I'm not talking about brakes or throttles (or even fuel pumps, as per a portion of their recent recall). I'm talking about advertising. Besides a really haughty, terrible-acting, jerk of a kid (sorry, family of the bad child actor, just calling it as I see it), the recent commercial series about the Highlander is, well, very insensitive, and just plain wrong.

First, minivans are not geeky or lame. In fact, in general, minivans are significantly more practical than most SUVs.  The cargo capacity is usually superior, passenger capacity is often superior, if not in number, at least in comfort, access, and cargo behind the passenger space (and, let's face it, who can beat the 84.5 cupholders that most modern vans have?!), not to mention the flexibility afforded by stow and go type seating (yeah, I know that is trademarked by Chrysler, but I think it's soon becoming a generic term in the vein of, say, kleenex).

And, second Toyota themselves make one of the most "non-geeky" (i.e., sporty) minivans on the market right now.

But, third, this type of commercial may give kids a complex about the (practical) mode of transportation chosen by their parents. Also, what about the parents whose only transportation happens to be that mid-80s Chrysler minivan "featured" in the commercial as "ultra geeky and lame" (quote from the commercial: "we're the geek family") that they can't afford to replace because dad's been looking for a job for the last year and a half? And what about the boy hiding in a recent version of that commercial?

Come on, Toyota, find a better way to advertise your Highlander. There's no reason to start trying to sway sales by influencing the kindergarten and elementary school children, making them feel bad about something that's 1) untrue; 2) not anything under their control.  And, worse, you're potentially promoting bullying and ridiculing those whose parents are more practical (and who may even be driving a Toyota product in the minivan category).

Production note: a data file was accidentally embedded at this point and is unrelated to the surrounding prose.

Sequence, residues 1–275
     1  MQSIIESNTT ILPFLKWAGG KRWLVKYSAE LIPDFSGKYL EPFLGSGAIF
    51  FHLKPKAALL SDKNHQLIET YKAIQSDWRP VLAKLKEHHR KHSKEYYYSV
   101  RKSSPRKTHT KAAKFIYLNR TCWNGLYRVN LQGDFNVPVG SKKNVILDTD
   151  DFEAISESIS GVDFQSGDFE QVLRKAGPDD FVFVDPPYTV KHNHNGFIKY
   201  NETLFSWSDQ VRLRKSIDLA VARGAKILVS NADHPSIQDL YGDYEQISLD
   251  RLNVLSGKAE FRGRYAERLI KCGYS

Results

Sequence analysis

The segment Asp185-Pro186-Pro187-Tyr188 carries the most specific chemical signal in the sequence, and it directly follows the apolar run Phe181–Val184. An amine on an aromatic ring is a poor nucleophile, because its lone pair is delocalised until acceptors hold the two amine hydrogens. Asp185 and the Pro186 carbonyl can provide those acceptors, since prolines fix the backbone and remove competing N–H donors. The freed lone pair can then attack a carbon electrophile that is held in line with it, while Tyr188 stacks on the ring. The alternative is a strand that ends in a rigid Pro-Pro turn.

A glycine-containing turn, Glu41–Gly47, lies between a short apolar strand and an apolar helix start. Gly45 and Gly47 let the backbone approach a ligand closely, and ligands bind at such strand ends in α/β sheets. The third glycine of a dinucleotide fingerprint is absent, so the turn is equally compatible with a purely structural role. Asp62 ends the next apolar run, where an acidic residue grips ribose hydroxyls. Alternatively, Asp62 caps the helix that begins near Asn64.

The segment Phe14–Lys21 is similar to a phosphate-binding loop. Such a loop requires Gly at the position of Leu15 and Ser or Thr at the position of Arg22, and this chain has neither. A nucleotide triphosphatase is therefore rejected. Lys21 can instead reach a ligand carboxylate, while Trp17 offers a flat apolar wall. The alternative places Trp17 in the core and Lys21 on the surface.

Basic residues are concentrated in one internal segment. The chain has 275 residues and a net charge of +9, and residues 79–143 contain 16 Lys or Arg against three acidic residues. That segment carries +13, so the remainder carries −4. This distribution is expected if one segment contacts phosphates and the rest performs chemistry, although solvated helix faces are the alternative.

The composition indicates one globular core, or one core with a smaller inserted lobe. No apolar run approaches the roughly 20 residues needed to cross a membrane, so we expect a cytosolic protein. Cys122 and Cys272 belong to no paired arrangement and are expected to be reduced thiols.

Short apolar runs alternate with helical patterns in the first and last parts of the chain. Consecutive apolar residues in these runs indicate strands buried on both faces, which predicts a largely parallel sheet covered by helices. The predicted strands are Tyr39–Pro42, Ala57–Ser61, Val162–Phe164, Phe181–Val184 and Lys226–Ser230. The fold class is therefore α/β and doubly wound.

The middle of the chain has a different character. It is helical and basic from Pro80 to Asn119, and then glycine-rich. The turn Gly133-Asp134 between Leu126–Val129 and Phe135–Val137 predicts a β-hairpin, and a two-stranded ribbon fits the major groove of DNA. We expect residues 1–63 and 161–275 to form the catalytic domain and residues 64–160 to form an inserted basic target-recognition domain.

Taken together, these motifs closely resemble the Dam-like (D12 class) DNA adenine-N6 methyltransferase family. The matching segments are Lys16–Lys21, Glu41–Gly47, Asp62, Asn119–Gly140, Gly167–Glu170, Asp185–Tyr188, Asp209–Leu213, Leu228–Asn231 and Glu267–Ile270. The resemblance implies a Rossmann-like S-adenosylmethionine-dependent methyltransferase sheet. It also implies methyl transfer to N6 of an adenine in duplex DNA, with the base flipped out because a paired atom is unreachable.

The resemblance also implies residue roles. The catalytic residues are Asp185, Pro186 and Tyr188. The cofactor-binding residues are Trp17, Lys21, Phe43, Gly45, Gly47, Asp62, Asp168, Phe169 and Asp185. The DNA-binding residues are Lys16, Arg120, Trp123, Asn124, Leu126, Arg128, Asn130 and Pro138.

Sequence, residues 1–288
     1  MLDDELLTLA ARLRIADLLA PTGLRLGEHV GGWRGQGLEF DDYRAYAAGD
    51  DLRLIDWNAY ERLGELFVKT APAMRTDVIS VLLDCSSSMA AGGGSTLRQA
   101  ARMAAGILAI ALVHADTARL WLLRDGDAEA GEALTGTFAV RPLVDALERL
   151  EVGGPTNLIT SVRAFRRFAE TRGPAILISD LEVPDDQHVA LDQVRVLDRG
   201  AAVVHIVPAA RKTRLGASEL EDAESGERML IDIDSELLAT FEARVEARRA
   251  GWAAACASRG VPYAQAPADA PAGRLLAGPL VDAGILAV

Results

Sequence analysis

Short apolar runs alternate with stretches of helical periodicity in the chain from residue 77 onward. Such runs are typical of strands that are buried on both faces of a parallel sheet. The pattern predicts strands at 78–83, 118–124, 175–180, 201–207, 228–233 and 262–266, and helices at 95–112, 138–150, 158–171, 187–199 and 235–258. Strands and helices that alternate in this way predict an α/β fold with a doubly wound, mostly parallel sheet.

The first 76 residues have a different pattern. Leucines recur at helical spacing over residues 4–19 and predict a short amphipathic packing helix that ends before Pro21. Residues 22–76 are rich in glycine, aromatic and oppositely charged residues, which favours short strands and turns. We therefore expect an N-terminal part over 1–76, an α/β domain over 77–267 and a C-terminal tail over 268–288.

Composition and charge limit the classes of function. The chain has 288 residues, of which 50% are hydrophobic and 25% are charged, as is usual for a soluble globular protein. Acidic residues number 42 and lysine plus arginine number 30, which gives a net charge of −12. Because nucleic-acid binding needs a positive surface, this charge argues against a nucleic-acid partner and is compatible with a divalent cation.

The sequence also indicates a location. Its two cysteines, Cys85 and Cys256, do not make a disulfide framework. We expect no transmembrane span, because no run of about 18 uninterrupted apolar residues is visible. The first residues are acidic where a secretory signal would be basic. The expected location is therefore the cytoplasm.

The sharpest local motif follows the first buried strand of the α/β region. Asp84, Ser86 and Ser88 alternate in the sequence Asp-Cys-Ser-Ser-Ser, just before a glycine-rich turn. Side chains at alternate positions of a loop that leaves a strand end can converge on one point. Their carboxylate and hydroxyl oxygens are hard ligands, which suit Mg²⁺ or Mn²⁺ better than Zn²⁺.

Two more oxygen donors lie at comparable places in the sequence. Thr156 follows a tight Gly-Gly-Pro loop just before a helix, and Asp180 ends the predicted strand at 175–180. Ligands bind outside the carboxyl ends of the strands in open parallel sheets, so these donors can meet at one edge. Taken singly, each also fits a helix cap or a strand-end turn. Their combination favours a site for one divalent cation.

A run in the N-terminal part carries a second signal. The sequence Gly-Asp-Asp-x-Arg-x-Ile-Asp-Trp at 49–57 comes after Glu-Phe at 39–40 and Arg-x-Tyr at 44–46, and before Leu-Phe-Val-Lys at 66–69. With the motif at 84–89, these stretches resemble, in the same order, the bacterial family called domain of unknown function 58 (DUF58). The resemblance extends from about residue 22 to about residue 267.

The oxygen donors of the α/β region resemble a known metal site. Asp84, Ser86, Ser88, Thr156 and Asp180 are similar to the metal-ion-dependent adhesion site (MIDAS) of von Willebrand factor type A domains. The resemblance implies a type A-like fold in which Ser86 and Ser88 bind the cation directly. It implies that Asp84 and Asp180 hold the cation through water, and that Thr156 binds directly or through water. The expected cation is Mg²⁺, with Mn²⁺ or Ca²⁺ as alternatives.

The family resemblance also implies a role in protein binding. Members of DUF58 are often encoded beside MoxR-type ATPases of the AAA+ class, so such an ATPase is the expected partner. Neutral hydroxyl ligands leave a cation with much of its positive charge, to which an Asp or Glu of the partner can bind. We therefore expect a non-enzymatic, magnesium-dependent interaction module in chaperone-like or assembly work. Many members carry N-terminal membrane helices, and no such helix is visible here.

Bad Toyota, Bad!

Tuesday, November 2, 2010

Death by caffeine

I think I've blogged about this before, but check out - if you're sensitive about your weight, be sure to visit in private since you'll need to put your weight into the blank to see the results. Why is this important? Because people tend to underestimate the potent effects of caffeine. Such as this guy who washed down two teaspoonfuls of caffeine with an energy drink on a one-way trip to the local morgue.  The real hidden danger is the fact that caffeine is becoming so readily available in large, sometimes deceptively hidden amounts.

For example, consider  5150 Semi Sweet, a "concentrate" that is intended to be added to other drinks. According to the death by caffeine web site, if my 13-year-old son downed 6 of these four-ounce bottles (that is, a 24-ounce total, which is not even the largest cup from your local convenience store), he would suffer the same fate as the guy mentioned above. I'm not sure of the cost of the 5150, but I could easily see this as either a prank or a dare gone horribly wrong. Oh, and the cost of the caffeine powder the guy mentioned above took? About $5.26. Death comes cheap, it seems.

Anyway, the point is this: be wary of the dangers of caffeine, and especially make sure your kids (if you have any) are aware of them, too. Better to be considered a wimp than to submit to the pressure of a dare only to end up an example of how stupid it was to do so.